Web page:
Etana at Moe's Alley, Santa Cruz @ Moe's Alley, Santa Cruz, Santa Cruz [14 July]

Etana at Moe's Alley, Santa Cruz


19
14
July
20:00 - 23:59

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Moe's Alley, Santa Cruz
1535 Commercial Way, Santa Cruz, California 95065
Rasta Cruz! Moe's Alley welcomes back ETANA live and direct from Jamaica with her full live band.

$15 Advance, $20 Day of Show
Doors 8:00 PM, Show 9:0 PM
Patio Menu by Jerk House Santa Cruz:
moesalley.com/eat_at_moes.php

etanathestrongone.com/

Etana’s name means “The Strong One” in Swahili, and it’s a title she more than lives up to with her music and presence. Since debuting in 2006 with the thought provoking single “Wrong Address,” the Jamaican-born singer has established herself as one of the most powerful and distinctive voices in reggae, blazing a new trail in a genre that has long been male-dominated.

Etana’s story begins in August Town, a treacherous but culturally rich garrison community in eastern Kingston that has produced such musical talents as Sizzla and Israel Vibration. Growing up, Etana’s home was filled with music, but it was country and western that she recalls leaving the biggest impression. “Every Sunday was country music day,” says Etana. “A lot of people in Jamaica play gospel music on a Sunday, or old rub-a-dub. In my house it was country, like Dolly Parton. Tammy Wynette was my favorite of all the artists my mom used to play.”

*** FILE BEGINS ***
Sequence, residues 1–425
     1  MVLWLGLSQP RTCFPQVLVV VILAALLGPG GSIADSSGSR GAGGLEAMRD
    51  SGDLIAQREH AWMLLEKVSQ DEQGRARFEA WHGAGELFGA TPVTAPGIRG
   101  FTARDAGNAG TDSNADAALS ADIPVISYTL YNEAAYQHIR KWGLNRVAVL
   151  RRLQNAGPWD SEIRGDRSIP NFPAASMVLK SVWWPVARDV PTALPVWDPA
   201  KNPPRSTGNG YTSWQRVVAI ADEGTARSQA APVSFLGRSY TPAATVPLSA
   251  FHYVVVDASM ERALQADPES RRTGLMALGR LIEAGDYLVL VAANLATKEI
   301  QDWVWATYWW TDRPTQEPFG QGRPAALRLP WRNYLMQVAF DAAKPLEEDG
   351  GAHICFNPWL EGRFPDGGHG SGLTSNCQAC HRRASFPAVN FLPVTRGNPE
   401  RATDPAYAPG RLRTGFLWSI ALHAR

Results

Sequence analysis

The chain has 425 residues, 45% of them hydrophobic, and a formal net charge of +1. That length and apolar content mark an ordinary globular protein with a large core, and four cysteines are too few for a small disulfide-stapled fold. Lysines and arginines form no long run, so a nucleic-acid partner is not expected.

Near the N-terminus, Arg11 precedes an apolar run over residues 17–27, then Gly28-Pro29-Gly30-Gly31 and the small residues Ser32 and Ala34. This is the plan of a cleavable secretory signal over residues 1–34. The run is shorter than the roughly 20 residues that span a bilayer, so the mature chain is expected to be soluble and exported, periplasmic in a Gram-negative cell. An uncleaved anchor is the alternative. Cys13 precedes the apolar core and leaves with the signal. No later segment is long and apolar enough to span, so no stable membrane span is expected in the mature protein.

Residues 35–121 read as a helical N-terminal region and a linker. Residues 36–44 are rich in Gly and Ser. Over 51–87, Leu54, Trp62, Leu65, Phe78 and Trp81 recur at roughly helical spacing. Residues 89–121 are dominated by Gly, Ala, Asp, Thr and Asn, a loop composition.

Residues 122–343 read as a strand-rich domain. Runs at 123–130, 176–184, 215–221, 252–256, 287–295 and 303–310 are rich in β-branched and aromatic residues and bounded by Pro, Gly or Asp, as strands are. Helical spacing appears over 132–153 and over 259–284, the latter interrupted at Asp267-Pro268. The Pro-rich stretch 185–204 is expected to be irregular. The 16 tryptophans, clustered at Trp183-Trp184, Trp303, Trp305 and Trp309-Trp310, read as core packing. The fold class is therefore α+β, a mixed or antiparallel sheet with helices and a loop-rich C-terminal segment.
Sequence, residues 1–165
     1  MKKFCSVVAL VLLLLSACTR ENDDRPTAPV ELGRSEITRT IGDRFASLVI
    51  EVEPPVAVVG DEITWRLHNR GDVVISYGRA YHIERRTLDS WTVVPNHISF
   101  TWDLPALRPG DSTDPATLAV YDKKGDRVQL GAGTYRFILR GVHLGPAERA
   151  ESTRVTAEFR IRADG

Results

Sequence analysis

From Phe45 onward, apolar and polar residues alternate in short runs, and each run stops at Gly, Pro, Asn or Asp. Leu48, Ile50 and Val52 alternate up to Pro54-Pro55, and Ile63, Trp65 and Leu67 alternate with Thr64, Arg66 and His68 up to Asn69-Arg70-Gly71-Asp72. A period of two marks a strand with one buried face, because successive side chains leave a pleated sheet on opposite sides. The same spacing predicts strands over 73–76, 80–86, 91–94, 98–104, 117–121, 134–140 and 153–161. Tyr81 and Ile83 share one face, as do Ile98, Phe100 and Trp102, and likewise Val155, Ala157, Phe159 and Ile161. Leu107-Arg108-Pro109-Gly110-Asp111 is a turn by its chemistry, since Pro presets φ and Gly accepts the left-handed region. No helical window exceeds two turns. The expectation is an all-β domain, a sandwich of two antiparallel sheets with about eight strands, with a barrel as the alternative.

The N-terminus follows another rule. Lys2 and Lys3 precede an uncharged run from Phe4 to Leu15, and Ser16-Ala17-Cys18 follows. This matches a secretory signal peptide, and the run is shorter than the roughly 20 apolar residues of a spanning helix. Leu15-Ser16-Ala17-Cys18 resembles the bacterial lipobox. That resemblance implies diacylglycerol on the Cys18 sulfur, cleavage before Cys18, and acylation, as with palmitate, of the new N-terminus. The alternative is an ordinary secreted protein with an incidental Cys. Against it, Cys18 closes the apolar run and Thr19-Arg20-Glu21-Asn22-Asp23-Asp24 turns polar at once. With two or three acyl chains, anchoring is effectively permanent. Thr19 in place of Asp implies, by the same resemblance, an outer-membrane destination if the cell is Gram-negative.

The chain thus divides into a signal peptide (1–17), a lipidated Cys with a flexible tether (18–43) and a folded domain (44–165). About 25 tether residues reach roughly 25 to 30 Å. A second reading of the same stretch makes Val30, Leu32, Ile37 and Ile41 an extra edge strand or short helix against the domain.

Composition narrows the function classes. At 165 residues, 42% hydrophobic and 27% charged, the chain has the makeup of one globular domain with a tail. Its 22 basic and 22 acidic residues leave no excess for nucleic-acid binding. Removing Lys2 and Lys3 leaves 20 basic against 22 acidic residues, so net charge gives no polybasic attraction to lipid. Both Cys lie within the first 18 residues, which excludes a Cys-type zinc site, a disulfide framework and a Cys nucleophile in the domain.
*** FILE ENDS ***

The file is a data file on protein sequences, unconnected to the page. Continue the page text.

Etana’s family relocated to South Florida when she was nine and it was there she began her music career, almost by accident, while studying nursing at a local community college. “I had no interest in being an artist,” Etana declares. “I was just bored and a friend of mine told me that there was a request for a black female to join a girl group in Miami. He brought me to the audition, and that was it.”